Splashing a shower of water over some new plants that I purchased the other day, left me with a pleasant surprise on an old favourite, my rose cutting. This has now formed into a most beautiful floribunda bush.
Red rose floribunda produced from a cutting without any grafting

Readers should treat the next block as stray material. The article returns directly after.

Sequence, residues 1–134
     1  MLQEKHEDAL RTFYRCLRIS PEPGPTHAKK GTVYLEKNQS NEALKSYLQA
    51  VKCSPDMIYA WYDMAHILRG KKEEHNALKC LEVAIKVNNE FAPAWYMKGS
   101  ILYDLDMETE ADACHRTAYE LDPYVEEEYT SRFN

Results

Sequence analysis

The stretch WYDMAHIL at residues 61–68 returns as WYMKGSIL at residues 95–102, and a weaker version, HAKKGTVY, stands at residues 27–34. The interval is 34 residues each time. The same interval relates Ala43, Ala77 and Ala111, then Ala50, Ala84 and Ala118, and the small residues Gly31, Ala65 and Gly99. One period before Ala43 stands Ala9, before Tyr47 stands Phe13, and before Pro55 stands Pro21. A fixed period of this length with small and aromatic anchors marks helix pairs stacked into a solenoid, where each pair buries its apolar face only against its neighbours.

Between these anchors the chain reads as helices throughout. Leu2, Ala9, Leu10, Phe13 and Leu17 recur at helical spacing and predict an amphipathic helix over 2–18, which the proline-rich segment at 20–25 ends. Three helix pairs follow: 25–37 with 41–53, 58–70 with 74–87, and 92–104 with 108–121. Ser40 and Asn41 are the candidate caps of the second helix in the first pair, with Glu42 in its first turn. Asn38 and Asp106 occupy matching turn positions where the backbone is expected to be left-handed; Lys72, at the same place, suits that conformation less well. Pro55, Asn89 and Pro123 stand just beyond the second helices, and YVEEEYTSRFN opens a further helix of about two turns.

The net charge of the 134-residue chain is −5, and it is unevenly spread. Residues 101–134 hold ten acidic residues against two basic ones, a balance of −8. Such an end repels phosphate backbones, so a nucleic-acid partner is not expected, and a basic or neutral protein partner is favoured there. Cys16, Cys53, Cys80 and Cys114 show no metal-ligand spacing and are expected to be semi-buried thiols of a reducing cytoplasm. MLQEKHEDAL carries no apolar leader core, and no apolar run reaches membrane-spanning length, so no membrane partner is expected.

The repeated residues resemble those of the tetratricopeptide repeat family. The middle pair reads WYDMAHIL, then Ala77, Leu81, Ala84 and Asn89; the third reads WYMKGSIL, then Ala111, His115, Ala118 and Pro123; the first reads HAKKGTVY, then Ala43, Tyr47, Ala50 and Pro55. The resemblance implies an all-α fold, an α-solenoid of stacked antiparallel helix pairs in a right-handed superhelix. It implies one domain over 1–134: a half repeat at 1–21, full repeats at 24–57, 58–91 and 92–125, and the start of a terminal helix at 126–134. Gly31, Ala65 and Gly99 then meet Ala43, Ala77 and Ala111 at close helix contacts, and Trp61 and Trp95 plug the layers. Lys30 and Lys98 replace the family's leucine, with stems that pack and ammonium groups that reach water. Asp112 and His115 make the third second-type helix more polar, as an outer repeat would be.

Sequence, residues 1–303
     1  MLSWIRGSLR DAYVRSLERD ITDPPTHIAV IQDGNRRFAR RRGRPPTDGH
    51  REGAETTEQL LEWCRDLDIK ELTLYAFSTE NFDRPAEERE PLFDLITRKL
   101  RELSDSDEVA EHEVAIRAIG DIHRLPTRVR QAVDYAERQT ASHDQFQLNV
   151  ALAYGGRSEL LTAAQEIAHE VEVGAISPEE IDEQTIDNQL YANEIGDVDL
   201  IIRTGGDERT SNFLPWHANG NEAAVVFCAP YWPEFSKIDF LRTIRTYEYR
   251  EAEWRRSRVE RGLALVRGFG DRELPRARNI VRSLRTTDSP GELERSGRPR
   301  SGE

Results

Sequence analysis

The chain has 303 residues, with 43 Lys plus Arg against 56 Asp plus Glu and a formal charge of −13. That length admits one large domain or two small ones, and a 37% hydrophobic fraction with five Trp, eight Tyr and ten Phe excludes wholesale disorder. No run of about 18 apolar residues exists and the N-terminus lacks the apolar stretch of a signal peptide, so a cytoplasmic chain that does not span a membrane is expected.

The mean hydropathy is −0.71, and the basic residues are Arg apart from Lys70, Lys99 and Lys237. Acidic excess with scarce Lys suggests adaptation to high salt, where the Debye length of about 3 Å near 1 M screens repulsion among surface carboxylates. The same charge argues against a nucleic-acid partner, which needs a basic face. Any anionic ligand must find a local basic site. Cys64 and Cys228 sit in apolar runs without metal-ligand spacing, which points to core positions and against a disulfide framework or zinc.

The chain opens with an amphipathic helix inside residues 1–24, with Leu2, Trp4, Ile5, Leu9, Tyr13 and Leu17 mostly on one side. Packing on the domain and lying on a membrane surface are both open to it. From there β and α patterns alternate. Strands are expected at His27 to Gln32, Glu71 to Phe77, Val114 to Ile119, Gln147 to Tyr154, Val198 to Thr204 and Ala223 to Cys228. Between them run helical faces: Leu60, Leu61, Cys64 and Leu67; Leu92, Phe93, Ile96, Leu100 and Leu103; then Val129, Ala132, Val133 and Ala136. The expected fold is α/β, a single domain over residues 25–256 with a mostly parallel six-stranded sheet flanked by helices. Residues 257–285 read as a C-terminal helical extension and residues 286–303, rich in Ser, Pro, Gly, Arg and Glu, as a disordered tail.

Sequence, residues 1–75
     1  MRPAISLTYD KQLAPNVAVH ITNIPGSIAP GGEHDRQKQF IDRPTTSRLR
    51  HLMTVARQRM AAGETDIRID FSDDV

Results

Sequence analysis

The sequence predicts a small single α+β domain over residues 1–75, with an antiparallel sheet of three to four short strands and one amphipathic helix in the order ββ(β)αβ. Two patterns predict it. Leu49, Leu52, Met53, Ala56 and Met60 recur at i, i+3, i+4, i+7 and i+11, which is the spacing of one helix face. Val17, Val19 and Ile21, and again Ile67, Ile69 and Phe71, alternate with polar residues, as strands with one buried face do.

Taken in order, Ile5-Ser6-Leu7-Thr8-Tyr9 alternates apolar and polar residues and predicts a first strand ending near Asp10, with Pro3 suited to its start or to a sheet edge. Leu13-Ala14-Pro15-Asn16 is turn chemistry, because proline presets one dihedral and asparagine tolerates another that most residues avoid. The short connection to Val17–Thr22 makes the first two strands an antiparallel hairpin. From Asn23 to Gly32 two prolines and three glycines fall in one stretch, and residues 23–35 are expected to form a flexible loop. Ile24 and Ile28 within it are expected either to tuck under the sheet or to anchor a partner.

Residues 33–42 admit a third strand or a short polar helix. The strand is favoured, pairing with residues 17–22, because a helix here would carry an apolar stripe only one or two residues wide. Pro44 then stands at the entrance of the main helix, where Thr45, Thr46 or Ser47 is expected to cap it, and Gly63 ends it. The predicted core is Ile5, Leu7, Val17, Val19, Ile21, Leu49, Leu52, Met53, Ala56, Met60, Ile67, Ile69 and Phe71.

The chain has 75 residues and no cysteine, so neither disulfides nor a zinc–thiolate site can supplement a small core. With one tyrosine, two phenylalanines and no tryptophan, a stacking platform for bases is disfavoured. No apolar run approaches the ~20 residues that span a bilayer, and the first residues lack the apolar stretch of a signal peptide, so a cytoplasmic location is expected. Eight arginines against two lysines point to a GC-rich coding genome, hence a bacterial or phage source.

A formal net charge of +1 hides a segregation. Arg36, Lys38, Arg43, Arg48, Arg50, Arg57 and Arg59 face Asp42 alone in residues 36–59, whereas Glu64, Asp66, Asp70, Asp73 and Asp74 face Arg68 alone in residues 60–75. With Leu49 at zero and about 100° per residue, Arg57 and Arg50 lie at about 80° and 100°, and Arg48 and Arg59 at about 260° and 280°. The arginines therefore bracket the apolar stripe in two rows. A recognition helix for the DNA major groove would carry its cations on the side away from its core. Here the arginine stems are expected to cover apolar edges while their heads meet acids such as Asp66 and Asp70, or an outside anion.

For those brave enough to try to grow their own roses from a rose plant cutting, never be put off by what the text books say which is usually along the following lines: ‘Roses require grafting onto wild root stock.’ Roses are one of the easiest plants to root, however it is wise to take up to ten cuttings of a favourite rose as it is not guaranteed that the rooted rose will produce offspring identical to the parent plant each time. There is a chance that some of the cuttings will become single petal flowering plants. Always find a fairly long stem and use either secateurs or sharp scissors to cut the stem below a new forming shoot (these are the small knobbles that appear along each stem usually half a finger length apart). Gently strip off the bottom leaves so that you have a clean bottomed stem. Dip the stem into a little water then into either hormone rooting powder or if none is available a little sand or fine grit. Make a hole with either a long wooden stick or dibber or fine ended trowel as deep as possible. Push the rose stem in as far as you can a good two to three inches (5 – 7.5 cm) in depth then firm the soil around using your hands or feet so that the cutting is cemented into the soil. This should be watered frequently for the first three months during which time new shoots and roots will form. In early spring, cut off the top leaves and give the young plant some dry fertiliser pellets or add fresh compost around where the roots are forming. My plant above is far more healthier than the parent plant has ever been. It is strong, sturdy and even in growth and produces blooms identical to the ‘mother’ plant. As it is a cutting and is not grafted onto wild root stock, it is free from ‘suckers.’